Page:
Clive on Climate

Mass Death Dies Hard

Clive James

When you tell people once too often that the missing extra heat is hiding in the ocean, they will switch over to watch Game of Thrones, where the dialogue is less ridiculous and all the threats come true. The proponents of man-made climate catastrophe asked us for so many leaps of faith that they were bound to run out of credibility in the end. Now that they finally seem to be doing so, it could be a good time for those of us who have never been convinced by all those urgent warnings to start warning each other that we might be making a comparably senseless tactical error if we expect the elastic cause of the catastrophists, and all of its exponents, to go away in a hurry…

Read the whole thing.


  1. I had read this yesterday, courtesy of the GWPF. It’s definitely a long read, but every word – and James’ eloquent turns of phrase – is more than worth it.

    It is one of the essays in the latest edition of Climate Change: The Facts. If the other essays in this collection are as lucid and engaging as this one – and the list of contributors, as well as editor Jennifer Marohasy, suggests that they might well be – this book could (finally?!) be the game-changer we’ve been waiting for!


  2. Hilary

    I’d like to agree with you this book (and this essay) could finally be the game-changer we’ve been waiting for, but if you google Clive James’s essay you find hardly an mention outside Australia and New Zealand (one in Italian and one in a Scandinavian language – none from the US or Britain that I could see, despite the fact that Clive James has been one of the most popular journalists in Britain for the past 40+ years. He has a regular spot in the Guardian writing about his imminent death. He says the article has been hard to write,and near the end he mentions Trump’s election during the writing of the final paragraphs. So the article has been unpublished for six months by his own paper. Talk about kicking a man when he’s already got one foot in the grave…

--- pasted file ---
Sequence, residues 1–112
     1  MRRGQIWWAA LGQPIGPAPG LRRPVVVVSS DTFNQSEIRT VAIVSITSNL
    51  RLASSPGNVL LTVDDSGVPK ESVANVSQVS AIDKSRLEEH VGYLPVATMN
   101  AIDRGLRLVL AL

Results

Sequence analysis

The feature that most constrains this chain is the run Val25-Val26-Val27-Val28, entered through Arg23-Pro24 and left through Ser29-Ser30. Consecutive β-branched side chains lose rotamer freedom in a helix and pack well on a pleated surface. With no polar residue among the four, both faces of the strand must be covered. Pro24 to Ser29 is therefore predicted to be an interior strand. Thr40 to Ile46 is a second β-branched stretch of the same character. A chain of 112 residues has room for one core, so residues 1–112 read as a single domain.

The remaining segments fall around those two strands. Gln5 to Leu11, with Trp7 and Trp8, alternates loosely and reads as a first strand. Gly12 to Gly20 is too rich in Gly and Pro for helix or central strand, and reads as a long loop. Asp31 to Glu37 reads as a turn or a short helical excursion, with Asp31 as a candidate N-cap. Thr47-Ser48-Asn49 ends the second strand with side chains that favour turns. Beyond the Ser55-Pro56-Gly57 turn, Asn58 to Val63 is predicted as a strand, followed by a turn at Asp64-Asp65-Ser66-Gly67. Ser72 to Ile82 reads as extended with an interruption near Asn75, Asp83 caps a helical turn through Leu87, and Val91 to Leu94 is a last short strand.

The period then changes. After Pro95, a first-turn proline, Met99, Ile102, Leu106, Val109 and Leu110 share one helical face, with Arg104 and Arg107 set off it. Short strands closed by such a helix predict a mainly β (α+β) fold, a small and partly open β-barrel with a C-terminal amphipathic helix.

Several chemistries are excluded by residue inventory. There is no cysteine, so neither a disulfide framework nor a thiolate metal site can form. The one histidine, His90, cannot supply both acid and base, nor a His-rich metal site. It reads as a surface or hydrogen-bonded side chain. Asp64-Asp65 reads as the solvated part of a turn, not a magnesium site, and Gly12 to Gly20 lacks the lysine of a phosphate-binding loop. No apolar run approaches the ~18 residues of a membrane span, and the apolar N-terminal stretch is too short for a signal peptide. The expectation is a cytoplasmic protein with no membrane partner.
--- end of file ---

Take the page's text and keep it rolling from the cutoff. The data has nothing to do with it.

3. I particularly liked this phrase: “Lord Stern lends the Royal Society the
    honour of his presence. For those of us who regard him as a vocalised stuffed shirt,..”

    Liked by 1 person

  4. Geoff. After publishing his Guardian column each and every Saturday (some of which are little gems), there has been nothing from him for more than a month. AFAIK the Guardian has said nothing.


  5. Given the circmstances of its publication and the state of health of the author, it might seem unfair to criticise this article. But I’d like to do so anyway, partly as a tribute to Clive James, whose articles I’ve been reading for forty or fifty years.

    [Explanation for non-Brits:] Clive came to fame writing TV criticism in the Observer, articles in which he dissected Dr Who and Shakespeare with equal intelligence and humour. He was for a certain time the best, funniest journalist in Britain, until one day there were dozens of Clive Jameses, though none as good as the original.

    He’s been writing in the Guardian for a while, most reently about his illness and impending death. The fact that the Guardian has not published this article is disturbing. Did he offer it to his employers? Did they refuse it, and if so, why?